Dr. Daneshgar, often known as “Dr. D.,” concentrates his
teaching in ecology, botany, and global sustainability, but his teaching
stretches outside the walls of his Edison Hall classrooms. To foster more
research and hands-on education, he along with some undergraduates also runs
the Monmouth University Greenhouse, a project associated with his Terrestrial
Ecology Lab that encourages student involvement and helps to support the Monmouth
University Community Garden by housing some New Jersey native species.
Dr. Daneshgar’s obvious enthusiasm for learning, both inside
and outside the classroom, is contagious.
“Research in my plant ecology lab currently aims to better
understand the role of plants in our global world,” said Daneshgar. “We ask
questions like, how do plants affect the global carbon cycle, or how do invasive
species affect ecosystems?”
Also part of his Terrestrial Ecology Lab is the “MU
Vineyard,” a project he created in 2012 in an effort to encourage campus-wide
involvement across multiple fields of study. Students planted rows of grape vines
on the lawn of the University president’s house. The living laboratory for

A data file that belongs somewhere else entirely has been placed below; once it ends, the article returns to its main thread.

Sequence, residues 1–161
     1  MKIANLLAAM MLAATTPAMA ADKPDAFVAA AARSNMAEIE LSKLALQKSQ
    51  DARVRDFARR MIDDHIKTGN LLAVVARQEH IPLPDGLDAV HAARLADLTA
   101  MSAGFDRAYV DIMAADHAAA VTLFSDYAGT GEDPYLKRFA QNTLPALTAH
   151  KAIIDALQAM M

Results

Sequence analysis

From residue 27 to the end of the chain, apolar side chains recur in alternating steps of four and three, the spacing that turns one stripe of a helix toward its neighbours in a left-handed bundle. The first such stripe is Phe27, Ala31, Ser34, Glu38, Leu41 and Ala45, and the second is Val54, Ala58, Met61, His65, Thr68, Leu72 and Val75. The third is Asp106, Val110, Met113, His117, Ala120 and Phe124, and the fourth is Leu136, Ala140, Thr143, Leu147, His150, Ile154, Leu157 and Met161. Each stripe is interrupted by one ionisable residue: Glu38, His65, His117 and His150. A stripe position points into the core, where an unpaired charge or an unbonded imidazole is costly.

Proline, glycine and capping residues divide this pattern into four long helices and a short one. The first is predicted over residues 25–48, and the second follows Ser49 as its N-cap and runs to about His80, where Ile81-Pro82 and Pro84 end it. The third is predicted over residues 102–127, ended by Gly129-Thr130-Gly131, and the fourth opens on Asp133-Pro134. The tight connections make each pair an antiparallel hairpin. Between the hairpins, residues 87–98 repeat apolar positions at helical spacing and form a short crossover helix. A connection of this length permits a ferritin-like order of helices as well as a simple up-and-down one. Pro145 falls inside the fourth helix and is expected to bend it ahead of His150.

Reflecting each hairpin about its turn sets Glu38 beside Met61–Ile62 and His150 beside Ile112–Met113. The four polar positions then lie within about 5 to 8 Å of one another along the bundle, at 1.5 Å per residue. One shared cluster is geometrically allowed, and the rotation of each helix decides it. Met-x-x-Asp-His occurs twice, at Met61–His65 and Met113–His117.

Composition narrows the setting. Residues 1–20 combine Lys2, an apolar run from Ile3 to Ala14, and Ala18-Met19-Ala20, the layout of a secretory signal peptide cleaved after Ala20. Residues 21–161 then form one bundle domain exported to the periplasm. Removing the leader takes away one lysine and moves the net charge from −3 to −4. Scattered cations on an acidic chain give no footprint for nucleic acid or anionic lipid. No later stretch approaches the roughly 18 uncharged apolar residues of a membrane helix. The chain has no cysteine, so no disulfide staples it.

science students also created opportunities for art majors who can design the bottle
labels, and for marketing students who can help sell the bottles.
Outside of the classroom, Daneshgar spends much of his time
researching endangered and invasive plant species, as well as their impact on
coastal ecosystems and the New Jersey Pine Barrens. When he’s not researching
plants, he is acting as the advisor for the student-run Capella group, the Sea
Sharps, which was formed in 2013.
His hands-on, dedicated approach has been inspiring students
to succeed since he began teaching at Monmouth in 2010. Before coming to the
University, he received a PhD in forest resources and conservation from the
University of Florida, a master’s degree in biology from St. Joseph’s
University, and a bachelor’s degree in biological sciences from the University